He wanted what was best for me and he was disappointed that I gave away a good paying job for a job that paid virtually nothing. But he soon came to accept me and my decision to become a horseman,” Simard said.
Simard spent three years getting a printing degree and had a job with his father in the printing department of shipping for the nation-wide Avon Company.
But when Simard was in his teens he got a holiday job working as a groom and then at 15 he drove the mini trotters.
That’s when he became hooked on harness racing and no matter how good the printing job was or no matter much Avon paid, Simard had only one desire.
“In the early years I learnt everything about the industry from Henry Filion – Herve’s brother. What he said went - without question or query! There were no arguments. I listened and obeyed and had to wait what seemed like an eternity to get my first drive.
“But he was a great horseman – some even say better than his brother. I will never forget the grounding he gave me. I am the horseman I am today because of him,” Simard said.
Simard also worked for Jacques Bruyere and drove his first winner at Blue Bonnets Raceway in 1982.
“Before the Meadowlands opened in 1976 that was the biggest race track in North America. It was the place to drive.”
Simard then trained and drove in Quebec from 1983-85 and then returned to Blue Bonnets in Montreal from1985-1994. Thereafter he relocated to Windsor Raceway in Ontario where he won several driving titles before heading back to Montreal from 2000-2005.
Throughout his career Simard has travelled to and from Canada to Florida to drive. When Harnesslink contacted him Simard was plying his trade in Florida.
“I enjoy coming here. We race from September to August here in Florida and I travel home for six weeks in between seasons. To be honest it’s too cold in Montreal for me these days and with all my broken bones and injuries I work better in the warmer climates.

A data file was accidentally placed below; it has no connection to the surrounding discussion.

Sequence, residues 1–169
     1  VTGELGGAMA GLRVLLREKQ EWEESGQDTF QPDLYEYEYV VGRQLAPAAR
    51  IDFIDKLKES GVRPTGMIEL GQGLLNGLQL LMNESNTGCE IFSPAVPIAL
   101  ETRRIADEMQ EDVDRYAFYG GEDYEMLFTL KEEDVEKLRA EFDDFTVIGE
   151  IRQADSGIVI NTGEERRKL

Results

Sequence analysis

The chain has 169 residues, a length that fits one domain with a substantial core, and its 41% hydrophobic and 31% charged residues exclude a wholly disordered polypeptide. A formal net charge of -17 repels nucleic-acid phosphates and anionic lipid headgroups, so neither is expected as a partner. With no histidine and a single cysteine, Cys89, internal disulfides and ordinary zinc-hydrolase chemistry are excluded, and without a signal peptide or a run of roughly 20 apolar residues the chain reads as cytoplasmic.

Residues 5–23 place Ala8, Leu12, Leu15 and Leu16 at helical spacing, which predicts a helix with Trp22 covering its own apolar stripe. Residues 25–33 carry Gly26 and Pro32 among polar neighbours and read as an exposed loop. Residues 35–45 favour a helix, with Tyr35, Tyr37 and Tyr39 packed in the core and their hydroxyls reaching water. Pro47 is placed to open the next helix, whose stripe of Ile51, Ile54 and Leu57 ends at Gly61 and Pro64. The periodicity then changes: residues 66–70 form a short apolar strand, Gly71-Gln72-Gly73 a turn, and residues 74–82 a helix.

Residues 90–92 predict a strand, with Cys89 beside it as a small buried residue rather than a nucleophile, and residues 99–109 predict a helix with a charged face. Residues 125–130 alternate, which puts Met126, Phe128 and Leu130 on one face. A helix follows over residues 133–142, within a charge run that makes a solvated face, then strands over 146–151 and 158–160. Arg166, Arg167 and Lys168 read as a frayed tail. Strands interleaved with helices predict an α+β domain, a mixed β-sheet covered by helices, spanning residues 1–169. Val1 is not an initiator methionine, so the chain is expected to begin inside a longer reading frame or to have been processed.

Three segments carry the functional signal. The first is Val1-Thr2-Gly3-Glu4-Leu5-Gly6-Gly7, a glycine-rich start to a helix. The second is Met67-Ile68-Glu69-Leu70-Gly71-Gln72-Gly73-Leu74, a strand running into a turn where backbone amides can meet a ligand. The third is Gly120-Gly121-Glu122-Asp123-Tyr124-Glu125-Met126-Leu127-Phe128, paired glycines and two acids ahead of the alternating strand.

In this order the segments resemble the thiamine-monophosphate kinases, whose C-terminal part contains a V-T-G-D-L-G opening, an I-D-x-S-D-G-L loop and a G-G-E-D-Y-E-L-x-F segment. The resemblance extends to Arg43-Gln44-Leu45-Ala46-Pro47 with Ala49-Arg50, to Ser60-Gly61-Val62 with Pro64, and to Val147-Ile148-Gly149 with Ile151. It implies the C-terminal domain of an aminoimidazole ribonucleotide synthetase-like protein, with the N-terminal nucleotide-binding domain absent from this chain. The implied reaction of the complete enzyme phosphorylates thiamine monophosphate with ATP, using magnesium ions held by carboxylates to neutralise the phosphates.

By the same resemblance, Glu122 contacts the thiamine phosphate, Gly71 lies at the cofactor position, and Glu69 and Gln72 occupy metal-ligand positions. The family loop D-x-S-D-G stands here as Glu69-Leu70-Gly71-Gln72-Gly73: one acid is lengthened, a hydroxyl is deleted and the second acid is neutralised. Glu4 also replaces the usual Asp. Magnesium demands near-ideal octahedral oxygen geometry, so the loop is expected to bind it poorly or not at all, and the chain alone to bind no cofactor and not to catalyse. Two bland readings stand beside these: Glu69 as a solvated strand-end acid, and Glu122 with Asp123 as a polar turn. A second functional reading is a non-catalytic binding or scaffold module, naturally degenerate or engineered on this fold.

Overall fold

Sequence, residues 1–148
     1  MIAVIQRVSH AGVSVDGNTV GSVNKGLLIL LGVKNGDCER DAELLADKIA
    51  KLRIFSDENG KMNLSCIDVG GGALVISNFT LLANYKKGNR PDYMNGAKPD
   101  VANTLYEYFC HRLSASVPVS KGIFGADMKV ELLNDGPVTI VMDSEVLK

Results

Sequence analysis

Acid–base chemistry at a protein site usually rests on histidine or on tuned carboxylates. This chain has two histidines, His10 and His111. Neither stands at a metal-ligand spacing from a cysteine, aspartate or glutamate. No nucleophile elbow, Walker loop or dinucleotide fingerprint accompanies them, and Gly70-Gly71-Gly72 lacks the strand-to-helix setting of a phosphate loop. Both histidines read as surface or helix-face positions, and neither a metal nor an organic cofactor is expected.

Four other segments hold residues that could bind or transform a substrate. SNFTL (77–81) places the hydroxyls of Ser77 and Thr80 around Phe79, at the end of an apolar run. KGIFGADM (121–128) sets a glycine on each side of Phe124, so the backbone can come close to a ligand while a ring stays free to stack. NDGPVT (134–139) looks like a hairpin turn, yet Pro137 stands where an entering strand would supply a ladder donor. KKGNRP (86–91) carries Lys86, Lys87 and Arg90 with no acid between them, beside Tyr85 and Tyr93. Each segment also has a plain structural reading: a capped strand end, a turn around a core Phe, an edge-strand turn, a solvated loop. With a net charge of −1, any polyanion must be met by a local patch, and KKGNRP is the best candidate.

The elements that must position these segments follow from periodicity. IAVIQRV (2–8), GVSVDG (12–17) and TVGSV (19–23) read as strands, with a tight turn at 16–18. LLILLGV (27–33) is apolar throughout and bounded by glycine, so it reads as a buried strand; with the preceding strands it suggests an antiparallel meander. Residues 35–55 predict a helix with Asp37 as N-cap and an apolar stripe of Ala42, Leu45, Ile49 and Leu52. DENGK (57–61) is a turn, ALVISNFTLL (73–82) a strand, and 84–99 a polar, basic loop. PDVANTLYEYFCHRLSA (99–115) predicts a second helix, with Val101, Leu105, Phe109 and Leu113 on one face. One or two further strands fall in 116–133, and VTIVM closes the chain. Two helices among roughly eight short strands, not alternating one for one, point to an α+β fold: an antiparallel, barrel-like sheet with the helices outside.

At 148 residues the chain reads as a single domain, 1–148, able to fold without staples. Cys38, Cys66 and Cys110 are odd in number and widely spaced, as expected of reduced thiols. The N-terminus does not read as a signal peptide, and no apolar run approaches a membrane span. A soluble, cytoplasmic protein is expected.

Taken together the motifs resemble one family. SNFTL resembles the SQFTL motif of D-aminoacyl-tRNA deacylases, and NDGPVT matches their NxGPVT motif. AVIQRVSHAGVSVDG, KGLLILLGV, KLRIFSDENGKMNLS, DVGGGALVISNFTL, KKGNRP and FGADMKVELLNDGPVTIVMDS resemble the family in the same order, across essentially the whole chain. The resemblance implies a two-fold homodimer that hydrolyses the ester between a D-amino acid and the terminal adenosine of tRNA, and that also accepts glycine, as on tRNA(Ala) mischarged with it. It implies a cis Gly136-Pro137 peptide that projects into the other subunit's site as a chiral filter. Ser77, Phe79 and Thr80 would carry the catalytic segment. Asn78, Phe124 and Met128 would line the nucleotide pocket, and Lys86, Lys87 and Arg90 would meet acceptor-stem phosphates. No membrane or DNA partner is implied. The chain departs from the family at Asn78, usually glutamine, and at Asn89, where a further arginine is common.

“I’ve done well since I started coming here and while Bruce Ranger has been off the scene with injuries I have been the number two driver in Florida behind Wally Hennessey. I’m getting plenty of drives and I like the racing here - and unlike my early days in racing I no longer have to prove myself any more. The lifestyle treats me well,” Simard said.
Since 1982 Simard has driven 5,404 winners from 35,233 drives. He’s also placed 8,940 times for $29.6 million in career purses.
His most successful year was in 1997 when he won 418 races and stakes-wise there were no years better than 2002 when he banked just over $2.3 million in purses.
So far this season Simard has won 59 races and $290,011.
He also trains one pacer – Awesome Way and one trotter – Cheers To Chip (see video) – in Florida.
Since 1992 he has trained 272 winners and won $1.2 million in stakes. In 2011 he has so far won eight times as a conditioner.
He said winning the $300,000 La Coupe Des Eleveur (Quebec Breeders Cup) with Desse D’Orleans was one of his career highlights, while the fastest horse he had reined waspacer Oye Vay.
Simard’s partner is Manon Gendron. They are not married but have been together for 26 years and have one daughter named Krystel – who like her Dad, loves horses.
Away from the track Simard said he loved golf and fishing.
“I used to play hockey but I’m too old and too injured for that now. I have to look after my body these days. I might be nicknamed 'The Black Cat' – but cats only have so many lives and i want to preserve the ones I've got left!” joked the French-English speaking horseman.
By Duane RANGER (editor)
(1) Richard Simard’s last winner – Little Rooster at Pompano Park on Saturday July 9, 2011:
(2) Richard Simard winning behind Hard Carbon at Pompano Park on Wednesday July 6, 2011:
(3) Richard Simard winning behind Remington Style at Pompano Park on Saturday July 2, 2011:
(4) Richard Simard winning behind the trotter he trains - Cheers To Chip at Pompano Park on Wednesday June 29, 2011: